Review of: Understanding and Dismantling Racism

Matthew F. Hudson
The Journal of Appalachian Health is committed to reviewing published media that relates to contemporary concepts affecting the health of Appalachia. Examining Institutional Racism’s impact on health, career advancement and outcomes in Appalachian communities, impacts our ability to address and identify solutions to inform the fundamental framing of health equity. Dr. Matthew F. Hudson critiques the website: Understanding and Dismantling Racism: Crowdsourcing a Pathway Model in Appalachia.

Exploring COVID-19 Case Fatality in Relation to the Prevalence of Chronic Conditions and Health Behaviors in Appalachian Kentucky

Warren Christian
Background: Research has demonstrated that common chronic conditions, especially those related to cardiovascular health, are important risk factors for severe COVID-19 symptoms or hospitalization. Population prevalence rates of such conditions have not previously been examined in relation to COVID-19 case fatality rates in the Central Appalachian region. Purpose: This study examined prevalence rates of selected chronic conditions and COVID-19 case fatality rates to determine whether the relationship between them is consistent across Appalachian and non-Appalachian...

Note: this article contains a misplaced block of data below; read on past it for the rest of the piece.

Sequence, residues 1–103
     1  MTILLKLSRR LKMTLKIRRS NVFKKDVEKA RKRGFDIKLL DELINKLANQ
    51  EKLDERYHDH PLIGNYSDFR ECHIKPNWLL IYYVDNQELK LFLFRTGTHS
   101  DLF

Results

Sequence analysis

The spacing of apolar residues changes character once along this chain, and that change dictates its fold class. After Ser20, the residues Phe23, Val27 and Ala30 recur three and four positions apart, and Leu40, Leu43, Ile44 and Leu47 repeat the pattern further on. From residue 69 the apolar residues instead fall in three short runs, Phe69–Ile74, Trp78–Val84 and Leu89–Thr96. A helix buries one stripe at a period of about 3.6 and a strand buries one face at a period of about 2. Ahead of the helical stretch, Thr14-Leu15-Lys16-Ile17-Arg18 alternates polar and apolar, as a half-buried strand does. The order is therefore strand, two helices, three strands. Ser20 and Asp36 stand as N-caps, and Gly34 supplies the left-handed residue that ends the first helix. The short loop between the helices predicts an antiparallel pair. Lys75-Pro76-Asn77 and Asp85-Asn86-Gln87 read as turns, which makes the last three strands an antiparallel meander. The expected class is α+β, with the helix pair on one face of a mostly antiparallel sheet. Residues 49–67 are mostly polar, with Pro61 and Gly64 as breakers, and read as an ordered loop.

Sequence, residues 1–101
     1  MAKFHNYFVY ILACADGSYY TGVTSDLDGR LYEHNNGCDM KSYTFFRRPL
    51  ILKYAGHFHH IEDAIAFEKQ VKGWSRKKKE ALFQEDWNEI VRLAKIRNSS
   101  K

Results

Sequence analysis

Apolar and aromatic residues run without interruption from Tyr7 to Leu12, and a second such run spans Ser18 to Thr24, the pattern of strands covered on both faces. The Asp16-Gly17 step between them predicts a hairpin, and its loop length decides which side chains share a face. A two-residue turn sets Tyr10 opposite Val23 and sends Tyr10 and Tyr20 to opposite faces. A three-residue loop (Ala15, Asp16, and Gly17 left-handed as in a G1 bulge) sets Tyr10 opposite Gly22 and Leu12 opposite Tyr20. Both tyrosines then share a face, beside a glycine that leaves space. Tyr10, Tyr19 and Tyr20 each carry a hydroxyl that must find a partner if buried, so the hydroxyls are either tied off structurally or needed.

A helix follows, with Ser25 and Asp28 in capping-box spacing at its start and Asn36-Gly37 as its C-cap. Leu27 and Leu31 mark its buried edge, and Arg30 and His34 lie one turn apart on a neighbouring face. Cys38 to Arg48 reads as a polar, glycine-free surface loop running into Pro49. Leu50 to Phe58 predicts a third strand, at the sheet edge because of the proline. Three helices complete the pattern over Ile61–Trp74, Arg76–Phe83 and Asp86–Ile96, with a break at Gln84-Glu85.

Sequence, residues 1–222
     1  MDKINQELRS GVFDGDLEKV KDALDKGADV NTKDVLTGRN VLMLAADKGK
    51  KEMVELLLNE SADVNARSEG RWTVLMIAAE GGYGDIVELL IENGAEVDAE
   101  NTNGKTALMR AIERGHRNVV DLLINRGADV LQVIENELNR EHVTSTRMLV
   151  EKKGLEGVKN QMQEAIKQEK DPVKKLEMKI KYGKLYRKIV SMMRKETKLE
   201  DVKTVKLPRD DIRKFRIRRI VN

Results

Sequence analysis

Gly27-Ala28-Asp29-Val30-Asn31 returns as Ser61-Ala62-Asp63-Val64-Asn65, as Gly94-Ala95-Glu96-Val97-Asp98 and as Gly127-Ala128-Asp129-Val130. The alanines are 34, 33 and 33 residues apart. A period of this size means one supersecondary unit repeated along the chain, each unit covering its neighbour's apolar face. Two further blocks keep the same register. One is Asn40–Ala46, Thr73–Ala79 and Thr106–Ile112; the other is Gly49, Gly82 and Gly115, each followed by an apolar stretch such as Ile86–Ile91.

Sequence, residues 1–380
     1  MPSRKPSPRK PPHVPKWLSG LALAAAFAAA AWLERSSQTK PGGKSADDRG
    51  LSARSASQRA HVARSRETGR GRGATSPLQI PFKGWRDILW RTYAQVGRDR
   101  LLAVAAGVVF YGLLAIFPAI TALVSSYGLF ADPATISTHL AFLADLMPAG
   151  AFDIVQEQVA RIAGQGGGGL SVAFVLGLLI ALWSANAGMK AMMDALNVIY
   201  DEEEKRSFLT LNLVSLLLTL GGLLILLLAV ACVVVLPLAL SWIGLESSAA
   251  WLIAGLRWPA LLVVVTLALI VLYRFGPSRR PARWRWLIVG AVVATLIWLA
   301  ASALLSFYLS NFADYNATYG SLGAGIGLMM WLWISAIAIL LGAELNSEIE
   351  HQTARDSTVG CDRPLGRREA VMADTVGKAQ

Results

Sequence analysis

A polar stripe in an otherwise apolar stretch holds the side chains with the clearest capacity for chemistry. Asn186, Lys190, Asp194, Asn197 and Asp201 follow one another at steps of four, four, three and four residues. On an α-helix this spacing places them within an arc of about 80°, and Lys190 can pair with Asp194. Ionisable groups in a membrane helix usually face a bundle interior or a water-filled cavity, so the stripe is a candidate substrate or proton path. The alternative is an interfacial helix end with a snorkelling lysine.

Review of: The Cancer Crisis in Appalachia: Kentucky Students Take Action

Stephenie Kennedy-Rea
The Journal of Appalachian Health is committed to reviewing published media that relates to contemporary concepts affecting the health of Appalachia. With cancer mortality rates higher in rural and Appalachian communities, a focus on how cancer impacts our families and communities is more important than ever. Dr. Stephenie Kennedy-Rea reviews the book The Cancer Crisis in Appalachia: Kentucky Students Take Action.

Loss of Obstetric Services in Rural Appalachia

Caroline Efird, David Dry & Rachel F. Seidman
Background: As rural hospitals across the United States increasingly downsize or close, the availability of inpatient obstetric services continues to decline in rural areas. In rural Appalachia, the termination of obstetric services threatens to exacerbate the existing risk of adverse birth outcomes for women and infants, yet less is known about how the cessation of these services affects the broader community. Purpose: The purpose of this paper is to explain how the loss of local...

Review of: Appalachians for Medicaid Website

Kendra Barker